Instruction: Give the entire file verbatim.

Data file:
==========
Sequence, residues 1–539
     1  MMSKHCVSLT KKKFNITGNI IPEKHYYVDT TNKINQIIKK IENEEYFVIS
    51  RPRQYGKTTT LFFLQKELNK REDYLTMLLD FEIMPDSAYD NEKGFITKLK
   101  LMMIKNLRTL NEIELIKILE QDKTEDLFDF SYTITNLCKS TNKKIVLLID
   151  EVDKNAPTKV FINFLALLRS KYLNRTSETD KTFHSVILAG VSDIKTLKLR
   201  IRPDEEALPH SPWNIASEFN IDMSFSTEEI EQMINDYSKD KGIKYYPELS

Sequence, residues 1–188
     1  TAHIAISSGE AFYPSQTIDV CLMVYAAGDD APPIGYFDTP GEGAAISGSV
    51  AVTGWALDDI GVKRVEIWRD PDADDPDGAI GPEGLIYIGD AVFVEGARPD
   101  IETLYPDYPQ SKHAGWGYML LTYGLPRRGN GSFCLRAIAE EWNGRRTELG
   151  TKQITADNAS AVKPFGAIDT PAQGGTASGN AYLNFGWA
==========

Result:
Sequence, residues 1–539
     1  MMSKHCVSLT KKKFNITGNI IPEKHYYVDT TNKINQIIKK IENEEYFVIS
    51  RPRQYGKTTT LFFLQKELNK REDYLTMLLD FEIMPDSAYD NEKGFITKLK
   101  LMMIKNLRTL NEIELIKILE QDKTEDLFDF SYTITNLCKS TNKKIVLLID
   151  EVDKNAPTKV FINFLALLRS KYLNRTSETD KTFHSVILAG VSDIKTLKLR
   201  IRPDEEALPH SPWNIASEFN IDMSFSTEEI EQMINDYSKD KGIKYYPELS

Sequence, residues 1–188
     1  TAHIAISSGE AFYPSQTIDV CLMVYAAGDD APPIGYFDTP GEGAAISGSV
    51  AVTGWALDDI GVKRVEIWRD PDADDPDGAI GPEGLIYIGD AVFVEGARPD
   101  IETLYPDYPQ SKHAGWGYML LTYGLPRRGN GSFCLRAIAE EWNGRRTELG
   151  TKQITADNAS AVKPFGAIDT PAQGGTASGN AYLNFGWA